Mars 2018 Opposition


drawing by Denis Fell

Every 2 years and about 50 days, the planet Mars appears opposite the Sun in our sky, shining brighter and appearing larger than usual. Some Mars oppositions are much closer than others, owing to the large eccentricity of the planet's orbit. The 2018 Opposition of Mars is the best apparition since August 2003, 15 years ago. With opposition on July 27 and closest approach on July 31, for much of the summer the disk of Mars will appear larger than that of Saturn, and for a time will even outshine Jupiter. Read all about it in the RASC Observer's Handbook 2018, in the article The Planets in 2018—Mars by Murray Paulson.


Mars will be larger than 24'' in diameter between July 23 and August 9, nearly as large as the 2003 opposition size of 25"; however, visual observing in the months leading up to opposition trains the eye and reveals the changing face of Mars as it moves from the Mars autumnal equinox on May 22 to the Mars winter solstice on October 16.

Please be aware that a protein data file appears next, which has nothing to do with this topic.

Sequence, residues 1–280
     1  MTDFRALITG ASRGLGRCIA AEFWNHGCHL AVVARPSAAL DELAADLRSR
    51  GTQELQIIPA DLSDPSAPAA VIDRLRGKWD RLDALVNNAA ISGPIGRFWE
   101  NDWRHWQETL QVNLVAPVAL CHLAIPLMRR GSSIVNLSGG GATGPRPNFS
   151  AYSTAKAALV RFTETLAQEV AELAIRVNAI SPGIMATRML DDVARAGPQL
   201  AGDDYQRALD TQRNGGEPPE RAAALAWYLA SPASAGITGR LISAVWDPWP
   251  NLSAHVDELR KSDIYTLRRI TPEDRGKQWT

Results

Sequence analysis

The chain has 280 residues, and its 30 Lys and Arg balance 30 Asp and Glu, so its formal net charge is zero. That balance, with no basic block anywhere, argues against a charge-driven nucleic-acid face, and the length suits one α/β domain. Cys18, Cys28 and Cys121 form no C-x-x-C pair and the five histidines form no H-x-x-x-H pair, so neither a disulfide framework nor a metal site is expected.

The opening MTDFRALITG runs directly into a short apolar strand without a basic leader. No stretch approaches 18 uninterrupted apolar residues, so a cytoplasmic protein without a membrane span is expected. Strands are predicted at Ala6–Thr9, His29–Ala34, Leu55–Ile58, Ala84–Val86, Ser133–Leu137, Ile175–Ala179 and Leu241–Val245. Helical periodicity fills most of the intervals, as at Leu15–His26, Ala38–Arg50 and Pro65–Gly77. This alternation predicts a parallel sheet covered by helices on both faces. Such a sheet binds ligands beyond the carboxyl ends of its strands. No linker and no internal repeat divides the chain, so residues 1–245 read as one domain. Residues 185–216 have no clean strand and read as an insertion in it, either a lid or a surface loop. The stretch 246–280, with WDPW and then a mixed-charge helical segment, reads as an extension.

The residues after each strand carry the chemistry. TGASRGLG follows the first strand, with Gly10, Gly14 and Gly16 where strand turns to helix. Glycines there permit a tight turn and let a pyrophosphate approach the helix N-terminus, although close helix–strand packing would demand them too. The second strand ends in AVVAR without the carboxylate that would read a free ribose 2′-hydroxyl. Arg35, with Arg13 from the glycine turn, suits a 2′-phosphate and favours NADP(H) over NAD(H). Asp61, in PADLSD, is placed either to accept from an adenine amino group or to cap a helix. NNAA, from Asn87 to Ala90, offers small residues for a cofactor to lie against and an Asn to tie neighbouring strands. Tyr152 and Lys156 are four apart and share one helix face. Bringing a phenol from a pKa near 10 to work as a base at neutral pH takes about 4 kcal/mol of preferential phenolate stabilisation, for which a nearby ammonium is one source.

Below, you will find downloadable resources for observing and drawing Mars with the aid of a telescope, including an observing form, courtesy of RASC member and Mars watcher Denis Fell. RASC members can read his article in the June 2018 issue of the Journal of the RASC.

Mars 2018 Highlights
May 9 12" Look for North Polar Hood, Hellas darkening, atmospheric clouds, and South Polar Hood (thinning).
May 22 14" Autumnal Equinox (northern hemisphere)—South Polar Cap at maximum, look for polar hoods.
Jun 26 21" Retrograde (east–west) motion begins—Syrtis Major darkens, check for clouds.
Jul 27 24" Opposition—look for the dark rifts Rima Augusta and Rima Australis in South Polar Cap.
Jul 31 24" Closest approach to Earth—check for dust clouds.
Aug 27 22" Retrograde motion ends.
Sep 15 18" Perihelion—look for dust clouds over Serpentis–Hellespontus.
Oct 16 14" Winter Solstice (northern hemisphere) Summer Solstice (southern hemisphere).
Oct 31 12" Check for North Polar Hood growth.
Last modified: 
Sunday, April 29, 2018 - 11:48am